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April 2022


The Flowers that Give Color to Japanese Spring

  • Tada Taeko
  • Flowers of egonoki called Japanese snowbell
  • Katakuri (Japanese dogtooth violet) flowers in satoyama in Niigata Prefecture
  • A hirataabu (a variety of hoverfly) eating the pollen of nirinso (soft windflower)
  • Yukiyanagi (Thunberg’s meadowsweet) blooming in white on the banks of the Arakawa River in Saitama Prefecture
  • Gakuutsugi, a flower in the hydrangea family, on Mt. Takao in Tokyo
Tada Taeko

Many kinds of flowers bring color to the fields and mountains of Japan in spring. We spoke with Tada Taeko, a plant ecologist who is a lecturer at Rikkyo University and other universities, about spring flowers in Japan.

Flowers of egonoki called Japanese snowbell

In Japan, various flowers such as cherry blossoms bloom in spring, but how many types are there? Also, please tell us about their characteristics.

More than 7,400 species of land plants grow naturally in Japan. Of these, there are more than 5,000 species of flowering plants and about 1,500 kinds of endemic species that can only be found in Japan, including fukujuso (Amur adonis), fuji (wisteria), asebi (Japanese andromeda) and yamazakura (Japanese mountain cherry) that bloom in spring. Japan is one of the richest countries in terms of biological diversity including plants, and is one of the most important “hot spots” in terms of global biodiversity.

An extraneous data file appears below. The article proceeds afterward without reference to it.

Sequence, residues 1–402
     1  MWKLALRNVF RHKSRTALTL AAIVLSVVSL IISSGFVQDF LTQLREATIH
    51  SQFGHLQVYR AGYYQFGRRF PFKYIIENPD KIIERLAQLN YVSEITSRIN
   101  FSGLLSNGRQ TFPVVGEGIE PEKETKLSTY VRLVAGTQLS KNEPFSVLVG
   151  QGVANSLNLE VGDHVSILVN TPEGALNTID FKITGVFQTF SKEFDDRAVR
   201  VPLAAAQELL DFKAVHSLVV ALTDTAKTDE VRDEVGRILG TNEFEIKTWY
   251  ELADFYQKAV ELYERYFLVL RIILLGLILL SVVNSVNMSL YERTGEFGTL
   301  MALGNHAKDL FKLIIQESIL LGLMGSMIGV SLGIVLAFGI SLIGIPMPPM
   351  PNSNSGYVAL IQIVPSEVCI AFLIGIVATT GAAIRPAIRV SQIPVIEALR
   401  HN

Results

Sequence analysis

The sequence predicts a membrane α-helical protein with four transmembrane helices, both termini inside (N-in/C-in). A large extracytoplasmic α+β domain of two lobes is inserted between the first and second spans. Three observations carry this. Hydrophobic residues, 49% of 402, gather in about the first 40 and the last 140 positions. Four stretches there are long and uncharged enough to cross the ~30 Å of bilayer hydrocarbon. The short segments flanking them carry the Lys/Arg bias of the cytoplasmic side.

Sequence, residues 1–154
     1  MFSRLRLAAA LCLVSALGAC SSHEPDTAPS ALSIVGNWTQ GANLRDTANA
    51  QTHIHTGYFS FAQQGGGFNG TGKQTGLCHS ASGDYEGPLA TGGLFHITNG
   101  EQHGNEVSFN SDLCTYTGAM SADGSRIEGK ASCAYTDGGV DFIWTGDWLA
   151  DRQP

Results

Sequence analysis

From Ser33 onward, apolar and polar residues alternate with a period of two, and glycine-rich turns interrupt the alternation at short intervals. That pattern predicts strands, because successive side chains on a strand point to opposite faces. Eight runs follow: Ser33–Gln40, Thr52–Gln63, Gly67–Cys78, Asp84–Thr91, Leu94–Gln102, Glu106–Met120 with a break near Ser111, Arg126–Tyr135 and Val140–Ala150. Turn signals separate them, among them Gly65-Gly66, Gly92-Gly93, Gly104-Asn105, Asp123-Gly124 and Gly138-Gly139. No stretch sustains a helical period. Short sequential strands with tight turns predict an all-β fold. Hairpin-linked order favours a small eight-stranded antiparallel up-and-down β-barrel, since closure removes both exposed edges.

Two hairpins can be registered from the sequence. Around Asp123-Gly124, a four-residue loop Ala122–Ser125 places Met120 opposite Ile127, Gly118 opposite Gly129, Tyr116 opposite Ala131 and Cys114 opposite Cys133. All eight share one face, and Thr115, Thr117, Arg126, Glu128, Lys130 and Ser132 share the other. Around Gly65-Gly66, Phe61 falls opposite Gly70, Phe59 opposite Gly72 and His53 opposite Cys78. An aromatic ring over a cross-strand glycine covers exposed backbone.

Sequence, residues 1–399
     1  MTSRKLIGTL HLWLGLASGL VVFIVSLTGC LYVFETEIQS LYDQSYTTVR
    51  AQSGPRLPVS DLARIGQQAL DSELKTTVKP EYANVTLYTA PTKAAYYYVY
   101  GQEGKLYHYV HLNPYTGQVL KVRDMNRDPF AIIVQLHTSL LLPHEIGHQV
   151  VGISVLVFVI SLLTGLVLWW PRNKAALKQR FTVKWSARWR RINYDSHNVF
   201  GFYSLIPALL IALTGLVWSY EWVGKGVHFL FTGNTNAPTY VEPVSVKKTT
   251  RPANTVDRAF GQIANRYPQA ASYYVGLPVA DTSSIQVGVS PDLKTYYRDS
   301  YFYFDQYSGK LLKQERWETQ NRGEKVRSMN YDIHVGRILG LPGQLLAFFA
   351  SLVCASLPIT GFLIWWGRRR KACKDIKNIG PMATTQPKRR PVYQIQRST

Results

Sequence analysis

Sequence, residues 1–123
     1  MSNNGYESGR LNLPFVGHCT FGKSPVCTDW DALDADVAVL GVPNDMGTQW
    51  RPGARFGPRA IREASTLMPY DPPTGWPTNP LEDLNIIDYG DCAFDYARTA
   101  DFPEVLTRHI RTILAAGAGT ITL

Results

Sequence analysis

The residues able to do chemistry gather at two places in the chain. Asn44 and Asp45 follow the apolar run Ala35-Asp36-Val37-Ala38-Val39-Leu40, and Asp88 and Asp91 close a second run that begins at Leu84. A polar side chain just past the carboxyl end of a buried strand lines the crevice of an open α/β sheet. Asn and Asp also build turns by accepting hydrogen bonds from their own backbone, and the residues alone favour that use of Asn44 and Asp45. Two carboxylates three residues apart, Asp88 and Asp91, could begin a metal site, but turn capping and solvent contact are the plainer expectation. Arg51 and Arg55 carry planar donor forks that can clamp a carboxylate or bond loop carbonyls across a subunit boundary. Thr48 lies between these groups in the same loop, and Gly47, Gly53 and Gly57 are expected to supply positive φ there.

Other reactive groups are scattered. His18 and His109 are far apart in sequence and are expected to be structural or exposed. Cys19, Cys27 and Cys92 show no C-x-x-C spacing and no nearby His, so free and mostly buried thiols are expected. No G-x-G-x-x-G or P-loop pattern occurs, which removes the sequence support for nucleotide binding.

Japan is an island nation, consisting of numerous islands. In general, organisms on islands evolve independently and become species unique to that island. Among the islands of the Japanese archipelago, there are those such as the Ogasawara Islands that have never been connected to the continent, while others, such as the Ryukyu archipelago, have undergone a history of migration and isolation of organisms as a result of their transition of connection to and separation from the continent. This geohistory is also deeply related to the geographic distribution and species differentiation of organisms unique to the Japanese archipelago.

The Japanese archipelago, which extends from north to south, has regions with various climates, from Hokkaido, which belongs to the subarctic zone (high mountain areas belong to the frigid zone), to Okinawa and the Ogasawara Islands, which belong to the subtropical zone. Some areas experience very high snowfall. The terrain is full of change, with low-elevation flatlands and mountain ranges of over 3,000 meters. In addition to this diverse climate and topography, there is abundant water to support the life of various organisms.

These organisms support each other. For example, for insect-pollinated flowers, pollinators such as bees and butterflies are important partners. Plants produce pollen and nectar, and attract insects to this food source with their flowers’ color and scent. Pollen sticks to the feeding insect’s body. When the insect flies from flower to flower, pollen sticks to the stigma and causes flowers to bear fruit and produce seeds. There are also wind-pollinated plants, but insect-pollinated plants bloom with more showy flowers because these flowers have coevolved with the pollinators. Flowers have evolved their color, shape and size to be ideally suited to pollinators. In Japan, about 70 percent of flowering plants are insect-pollinated, and their color and shape have rich variety. This is closely related to the high diversity of pollinators in Japan.